Today marks another anniversary of an extremely sad and tragic event in world history. This anniversary marks the day when a group of fanatics tried to use religious fervour as an excuse to murder thousands of innocent people. They flew airplanes full of innocent passengers into the World Trade Centre in New York, the Pentagon in Washington, DC and a farmer's field in Pennsylvania. None of us will forget the images of the Twin Towers collapsing. The age of international terrorism has been with us ever since and the spectre of radical Islam is now a daily part of lives around the world. This anniversary and the fallout from it will be with us for a very long time.
We Canadians are not immune and will have to be very vigilant as we build a society which welcomes immigrants on a daily basis. We should not fear new Canadians but we must teach them what it means to have a democratic, loving and tolerant democracy which can be a safe haven in a rough world.
All of us have watched events unfold in the Caribbean and now in the state of Florida as the most powerful hurricane recorded in history has moved its way north. Our thoughts and prayers should go out to the people who have had their lives devastated by this storm and be thankful we live in Saskatchewan where these kinds of climatic events don't occur on a regular basis.
It appears the people of Florida have taken the right precautions and thankfully the storm has begun to dissipate as it moved over land. I'm sure the cleanup will take weeks and months and years and be very costly. But the loss of life that occurred earlier on in Irma's path has been spared in Florida. You can always replace things - it's impossible to replace lost loved ones. Hats off to the people that are facing Irma.
This makes my third comment this morning seem rather mundane as no one is going to lose life and limb because of the proposed tax changes by the Federal Liberal government. As someone who comes from a farming background and I might add from a farming business background as Wheaton Bee Farms was incorporated in the late 1970's, I have very mixed feelings about what the federal government is proposing to do.
We Canadians have always prided ourselves on having an income tax system which provided the necessary funds to make our society what it is today. We have lived with the concept that higher income individuals, companies and groups pay more tax than people at the lower end of the socio-economic spectrum in order to have a just society.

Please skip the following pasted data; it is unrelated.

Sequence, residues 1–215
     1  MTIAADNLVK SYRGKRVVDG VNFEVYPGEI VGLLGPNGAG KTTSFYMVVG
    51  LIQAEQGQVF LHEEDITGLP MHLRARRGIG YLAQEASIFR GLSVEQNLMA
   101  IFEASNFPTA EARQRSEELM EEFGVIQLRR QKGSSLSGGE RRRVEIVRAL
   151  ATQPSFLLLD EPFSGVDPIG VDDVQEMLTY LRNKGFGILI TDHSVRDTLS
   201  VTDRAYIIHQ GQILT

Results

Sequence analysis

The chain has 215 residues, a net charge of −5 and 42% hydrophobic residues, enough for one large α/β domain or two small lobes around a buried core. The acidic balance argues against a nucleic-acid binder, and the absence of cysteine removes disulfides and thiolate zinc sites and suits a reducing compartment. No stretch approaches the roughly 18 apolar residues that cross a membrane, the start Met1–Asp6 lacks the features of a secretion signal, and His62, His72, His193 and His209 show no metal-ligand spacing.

We've also believed that it is good for people who are risk-takers to succeed and by succeeding, provide employment opportunities for other Canadians. I don't know about some other areas of business where it has become increasingly popular - and I'm referring to different classes of professionals - to become incorporated entities. I presume they are doing this because of advice from their accountants and lawyers.
I do know that agriculture which tends to be a life-long occupation and in many cases inter-generational, needs the right environment to plan for long-term success because there are so many variables you can't control in a profession where things like weather and international commodity prices are totally out of your hands. By being able to include family members on a company payroll and allow them to be eligible for things like CPP and pension plans and putting money aside to reinvest in the farming operation is a positive part of our current system.
I would suggest this is where the government's "one-size-fits-all" approach to tax reform is badly thought out. Comparing doctors and dentists to farms and small business where intergenerational transfer is usually not an issue is a wrong-headed approach in my view. Maybe the government should look at the market place in which various forms of business operate in order to come up with a system which is fair and equitable. Maybe they should take the time to come around and visit with Canadians as the Canadian Chamber of Commerce has suggested before coming up with new rules. To hold a so-called consultation on change in the middle of harvest, for instance, when most farmers are busily trying to get their crops in so they can function for another year is an insult to everyone's intelligence.
If Mr. Trudeau doesn't want to be remembered in the same vein as his Father was in western Canada, then he needs to instruct his Finance Minister and his officials to take the time and do this the right way.
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These issues must be debated for “The Right Reasons”.